Corrections Officer Certificate and Certification Program Info
Corrections officers supervise incarcerated individuals in detention facilities, enforcing rules and maintaining security. Certificate programs for corrections officers are generally available through 2-year community colleges and often require a commitment of one academic year, although shorter, more intensive programs are also available.
Corrections officer certificate programs comprise both classroom learning and hands-on practice in labs. Prospective corrections officers undertake physical training, as well as study correctional theories and applications. Students learn about the intake and release processes, sentencing policies, inmate control procedures, probation, and parole. Some programs also incorporate on-the-job training in correctional institutions.
- Prerequisites: High school diploma; must be a U.S. citizen; driver's license; criminal background check
- Program Length: 1 year or less
- Other Requirements: On the job training may be required
Certificate for Corrections Officers Coursework
Applicants to corrections officer certificate programs must be U.S. citizens and possess a state-issued driver's license. Additionally, they must pass a criminal background check. A high school diploma or equivalent is required for entry into the programs, and candidates may need to pass a basic abilities test prior to admittance. Some certificate programs stipulate minimum age requirements.
Students in corrections officer certificate programs develop problem solving and critical thinking abilities. Courses in sociology, cultural diversity, and interpersonal relations are incorporated into the curriculum, along with classes covering:
- Criminal justice
- Corrections facilities and operations
- Federal, state and local government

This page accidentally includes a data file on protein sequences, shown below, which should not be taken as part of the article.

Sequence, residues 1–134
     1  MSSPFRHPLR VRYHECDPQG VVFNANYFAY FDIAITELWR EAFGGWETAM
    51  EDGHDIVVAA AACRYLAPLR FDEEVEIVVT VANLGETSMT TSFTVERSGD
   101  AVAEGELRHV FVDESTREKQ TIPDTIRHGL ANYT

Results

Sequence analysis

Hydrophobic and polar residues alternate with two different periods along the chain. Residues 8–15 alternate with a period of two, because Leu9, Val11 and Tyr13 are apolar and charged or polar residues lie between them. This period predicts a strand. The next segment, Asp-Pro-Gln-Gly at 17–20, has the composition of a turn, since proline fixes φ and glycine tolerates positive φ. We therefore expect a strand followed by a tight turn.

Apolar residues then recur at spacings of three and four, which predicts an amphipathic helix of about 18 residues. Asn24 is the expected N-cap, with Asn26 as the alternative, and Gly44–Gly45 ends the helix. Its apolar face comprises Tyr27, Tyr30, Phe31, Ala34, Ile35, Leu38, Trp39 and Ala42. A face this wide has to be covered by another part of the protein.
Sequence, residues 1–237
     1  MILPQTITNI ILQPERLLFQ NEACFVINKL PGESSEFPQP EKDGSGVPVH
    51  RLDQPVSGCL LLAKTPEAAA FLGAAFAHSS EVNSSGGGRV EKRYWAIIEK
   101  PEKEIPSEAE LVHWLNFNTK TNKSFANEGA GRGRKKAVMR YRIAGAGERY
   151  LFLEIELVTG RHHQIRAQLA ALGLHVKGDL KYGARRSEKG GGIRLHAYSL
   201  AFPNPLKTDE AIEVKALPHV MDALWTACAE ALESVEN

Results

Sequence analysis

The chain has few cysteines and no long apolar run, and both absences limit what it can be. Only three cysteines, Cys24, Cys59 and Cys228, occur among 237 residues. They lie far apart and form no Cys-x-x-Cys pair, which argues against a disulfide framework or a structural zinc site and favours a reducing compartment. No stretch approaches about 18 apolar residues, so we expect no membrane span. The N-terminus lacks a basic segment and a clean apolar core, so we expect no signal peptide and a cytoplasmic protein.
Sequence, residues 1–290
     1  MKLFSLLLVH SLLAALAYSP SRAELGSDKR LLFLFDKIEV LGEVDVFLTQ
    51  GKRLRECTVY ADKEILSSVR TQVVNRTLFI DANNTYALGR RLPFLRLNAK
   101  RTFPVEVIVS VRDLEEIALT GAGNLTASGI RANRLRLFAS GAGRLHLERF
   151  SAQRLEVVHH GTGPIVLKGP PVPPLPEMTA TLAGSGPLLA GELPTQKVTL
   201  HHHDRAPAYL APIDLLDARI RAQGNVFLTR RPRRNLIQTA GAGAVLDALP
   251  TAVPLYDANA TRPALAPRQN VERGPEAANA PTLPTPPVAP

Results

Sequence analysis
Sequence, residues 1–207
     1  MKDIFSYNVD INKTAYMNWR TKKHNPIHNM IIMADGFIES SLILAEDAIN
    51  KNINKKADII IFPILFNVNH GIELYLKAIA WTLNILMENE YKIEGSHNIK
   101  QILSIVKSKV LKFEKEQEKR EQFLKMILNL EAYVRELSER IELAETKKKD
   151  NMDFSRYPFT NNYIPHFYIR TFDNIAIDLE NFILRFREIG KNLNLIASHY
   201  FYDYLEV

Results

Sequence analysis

- Legal issues in corrections
- Defensive tactics, including firearms
- Emergency preparation
Employment Outlook and Salary Info
Corrections officers find employment in both public and private detention centers, including prisons, juvenile correctional facilities and county jails. According to the U.S. Bureau of Labor Statistics (BLS), corrections officer employment was projected to increase 4% from 2014-2024, a percentage indicating slower-than-average growth. The median annual income for jailers and corrections officers was $40,530 as of May 2015, as reported by the BLS.
Professional Certification and Continuing Education Information
Corrections officers may apply to the American Correctional Association (ACA) in order to obtain professional certification. In order to become a Certified Corrections Officer (CCO), candidates must have a high school or GED diploma and one year of job experience and pass a certification exam. Certified Corrections Supervisor and Certified Corrections Manager credentials require an associate's degree, and the Certified Corrections Executive designation necessitates a bachelor's degree; however, work experience may be substituted in place of the degree requirements. Certification must be renewed every three years and requires completion of continuing education hours. Corrections officers seeking to work in the federal prison system must have a bachelor's degree.